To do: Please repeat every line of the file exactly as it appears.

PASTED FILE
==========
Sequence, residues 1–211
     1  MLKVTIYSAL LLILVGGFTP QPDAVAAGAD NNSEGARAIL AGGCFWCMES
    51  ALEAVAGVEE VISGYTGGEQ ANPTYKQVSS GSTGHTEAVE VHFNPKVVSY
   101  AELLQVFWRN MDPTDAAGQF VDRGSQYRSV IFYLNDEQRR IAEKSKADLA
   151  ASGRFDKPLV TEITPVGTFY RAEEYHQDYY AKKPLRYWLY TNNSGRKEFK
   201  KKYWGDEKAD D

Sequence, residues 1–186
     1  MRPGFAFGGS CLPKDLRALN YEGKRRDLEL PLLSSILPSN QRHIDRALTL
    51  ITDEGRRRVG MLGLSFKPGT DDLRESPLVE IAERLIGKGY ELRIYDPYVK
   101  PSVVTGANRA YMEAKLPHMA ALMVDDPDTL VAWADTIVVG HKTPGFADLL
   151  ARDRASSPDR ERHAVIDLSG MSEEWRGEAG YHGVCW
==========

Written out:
Sequence, residues 1–211
     1  MLKVTIYSAL LLILVGGFTP QPDAVAAGAD NNSEGARAIL AGGCFWCMES
    51  ALEAVAGVEE VISGYTGGEQ ANPTYKQVSS GSTGHTEAVE VHFNPKVVSY
   101  AELLQVFWRN MDPTDAAGQF VDRGSQYRSV IFYLNDEQRR IAEKSKADLA
   151  ASGRFDKPLV TEITPVGTFY RAEEYHQDYY AKKPLRYWLY TNNSGRKEFK
   201  KKYWGDEKAD D

Sequence, residues 1–186
     1  MRPGFAFGGS CLPKDLRALN YEGKRRDLEL PLLSSILPSN QRHIDRALTL
    51  ITDEGRRRVG MLGLSFKPGT DDLRESPLVE IAERLIGKGY ELRIYDPYVK
   101  PSVVTGANRA YMEAKLPHMA ALMVDDPDTL VAWADTIVVG HKTPGFADLL
   151  ARDRASSPDR ERHAVIDLSG MSEEWRGEAG YHGVCW